Dr. Jody S. Tarleton is definitely a friend of Children. She has worked in the field of mental health and corrections for 18 years. In 1988, she began her career working with adolescent females at what was known as Hillside Psychiatric Hospital. She continued to help young people when she transitioned into being a counselor for older adolescents at The Art Institute of Atlanta. She began working with males with sexual issues at Project Adventure when she came to direct the Legacy program. Many witnessed first hand her care and concern for youth who needed support and guidance. She demonstrated an empathy that carried through to all youth in the program. She is devoted to making the lives of the youth better through service to their families. She initiated a parent group which continues to be a strong part of the curriculum. Later in her career she worked with adolescents at CHRIS homes where she was the Operations Director of more than nine group homes in Metro Atlanta. She delighted in making homes where children felt safe to sleep. Later she started her own construction company which designs group homes for kids. These homes have unique features to help youth feel safe and loved. She is currently employed with the Georgia Department of Juvenile Justice as the Program Manager for the Youth Offender Reentry Project which strives to keep youth out of detention and off drugs. Dr. Tarleton has been a national speaker at conferences and learning institutes for over ten years. Her energy level and enthusiasm for helping youth and educating care givers are among her strongest assets. Dr. Tarleton is a professional held in high regard.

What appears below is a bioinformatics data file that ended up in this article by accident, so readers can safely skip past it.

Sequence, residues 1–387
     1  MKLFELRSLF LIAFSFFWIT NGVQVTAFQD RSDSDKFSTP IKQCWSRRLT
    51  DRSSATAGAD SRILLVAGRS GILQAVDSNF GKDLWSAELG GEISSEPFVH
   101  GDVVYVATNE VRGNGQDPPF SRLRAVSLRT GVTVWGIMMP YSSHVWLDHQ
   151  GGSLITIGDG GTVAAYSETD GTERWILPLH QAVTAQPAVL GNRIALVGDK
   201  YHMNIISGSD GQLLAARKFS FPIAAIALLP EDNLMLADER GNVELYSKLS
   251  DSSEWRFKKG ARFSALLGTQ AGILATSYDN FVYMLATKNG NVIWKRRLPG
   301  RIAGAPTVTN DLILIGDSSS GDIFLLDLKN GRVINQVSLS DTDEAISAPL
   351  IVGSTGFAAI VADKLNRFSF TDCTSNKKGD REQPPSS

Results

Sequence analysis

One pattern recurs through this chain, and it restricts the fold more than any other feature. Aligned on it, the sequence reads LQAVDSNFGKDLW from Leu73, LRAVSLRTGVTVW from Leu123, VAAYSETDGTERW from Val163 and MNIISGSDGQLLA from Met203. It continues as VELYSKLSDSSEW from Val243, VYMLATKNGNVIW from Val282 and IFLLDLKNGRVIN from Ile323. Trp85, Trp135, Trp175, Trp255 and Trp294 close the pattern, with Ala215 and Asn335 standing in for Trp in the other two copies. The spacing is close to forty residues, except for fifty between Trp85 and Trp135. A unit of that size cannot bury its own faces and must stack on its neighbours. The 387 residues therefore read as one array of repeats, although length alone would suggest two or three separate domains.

Juvenile Court Attorney of the Year
Tammy Griner is the SAAG for the Pike County DFCS. She has worked as a SAAG for ten years with Spalding and Pike Counties. Tammy takes a great deal of pride in the work as our SAAG. She brings a high degree of professionalism to the cases under her charge. She spends time with Case Managers each month to prepare for court. She is knowledgeable about the work we are doing with the families and children. She is an advocate for children and their permanency. Tammy works with all to ensure efforts toward reunification or TPR are accomplished. She provides us with training in court room procedures and effective testimony and gives us copies of current law. She makes sure all staff she works with are prepared and trained. She celebrates accomplishments and goals achieved. She has a passion for the work she does and is never afraid of the extra work nor the court room for the best interests of the children and families. She is a team-player, works well with the Judges, other attorneys and the GAL. We at DFCS really appreciate all she does for us, our children and families. Tammy demands excellence from each of us and this has proven beneficial for our children and the outcomes of each case.